It’s been a while since I climbed onto my soapbox, so lemme dust this thing off and climb on up here…
In 2013, I wrote a post asking should pet adoptions be free, and the discussion on the blog and on Facebook included varied opinions, but it seemed that the general consensus opposed my opinion that, yes, pet adoptions should sometimes be free.
Then, a year later, I wrote a post asking what should I feed my dog, and the discussion was largely in agreement that you just have to do the best you can do, anywhere on the spectrum of grocery store brands of kibble to a whole foods, organic, raw diet.
I find those opinions fascinating, and stick with me here, pretty please, because I’m going to circle around to that.
Over the weekend I volunteered for a mobile, low-cost vaccination clinic in our area. The idea is to take the mobile clinic to “resource deserts,” areas where pet owners can’t access veterinary care (if you rely on the city bus to get to and from work, you certainly can’t take your dog to and from the vet on the city bus) and to provide affordable basics. Anyone on government assistance qualifies for discounted services. This is basic stuff; we’re not talking blood chemistry or urinalysis, but rabies shots and nail trims. The 16-year-old cat in the pic above was getting her nails trimmed, her rabies shot, and the owner had some concerns about fleas that the vet discussed with her and provided some recommendations.
These are services that we–and by “we” I suppose I mean animal lovers–deem worthy. We understand the value of providing low-cost services to animals who need to be up-to-date on rabies. We attend fundraisers and donate our time to these services. But if anyone asks the question–“Should animal adopting be restricted by income?”–we recoil. That flies in the face of the American dream where anyone from any background can supposedly do and achieve anything, pet ownership not excluded. And yet…
And yet we judge.
It goes back to what Christie Keith over at Dogged said years ago: “There is almost always at least a hint of judgment that poor people will be bad pet owners in a myriad of other ways, too.” Like in the discussion about free adoptions, there was a resounding cry that people who can’t afford an adoption fee can’t afford to take care of their pet. Who defines the “take care of” standard? Is attending a low-cost clinic in your impoverished neighborhood to get the rabies shot not taking care of your pet? Yet, oddly, we’ve gotten into the cultural habit of sharing Buzzfeed photo roundups of how much the homeless love their animals, and we praise and cry over that, but we somehow judge the people in between socioeconomic strata.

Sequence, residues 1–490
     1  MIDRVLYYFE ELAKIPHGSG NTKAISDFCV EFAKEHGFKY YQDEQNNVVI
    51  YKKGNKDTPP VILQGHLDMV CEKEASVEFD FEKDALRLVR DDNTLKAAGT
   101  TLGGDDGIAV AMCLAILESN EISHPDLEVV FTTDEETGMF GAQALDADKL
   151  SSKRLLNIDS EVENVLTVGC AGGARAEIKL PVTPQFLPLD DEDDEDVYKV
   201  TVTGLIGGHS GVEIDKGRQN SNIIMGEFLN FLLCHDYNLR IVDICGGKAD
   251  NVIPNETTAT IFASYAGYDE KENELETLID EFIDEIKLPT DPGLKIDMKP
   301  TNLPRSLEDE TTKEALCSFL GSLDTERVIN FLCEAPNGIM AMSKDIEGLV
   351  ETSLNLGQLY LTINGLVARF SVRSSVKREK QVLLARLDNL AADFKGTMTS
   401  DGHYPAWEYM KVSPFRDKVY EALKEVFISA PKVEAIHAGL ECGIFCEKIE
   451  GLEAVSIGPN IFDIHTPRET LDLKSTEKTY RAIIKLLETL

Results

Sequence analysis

Over the years, John and I have volunteered for similar clinics wherever we’ve lived, and we’ve seen the tremendous range of wealth disparity and pet ownership. I’d argue, too, that the range of love and dedication to pets has a wide gap that is completely unrestricted by income. There are lots of disadvantaged folks who love their pets and do every single thing they can for them (see: those Buzzfeed posts about the homeless and their pets), and there are lots of advantaged folks with dogs languishing, bored behind privacy fences.
So, how do you measure the cost of pet ownership? If you can’t afford or are unable to get your dog to the vet, does that mean you don’t deserve a dog? Does that mean that dog is better off stuck in the shelter waiting for a more affluent owner than with the person who doesn’t have transportation to affordable services?
I don’t think there’s one right or one wrong answer here, and I fully acknowledge that, yep, my heart bleeds. But I also think this is one pet-savvy, animal-loving, brilliant community, so I think the discussion is absolutely worth having–and if anyone can come up with some solid thoughts and ideas, I firmly believe it’s you guys. I’d love to know what your thoughts are on this cost of pet ownership issue.
Also, I’d strongly encourage everyone to spend an afternoon volunteering at a low-cost clinic. Most areas having something–check with your community shelter. It’s an eye-opening, humbling experience to see the depth of love that everyone at every socioeconomic level has for their pets.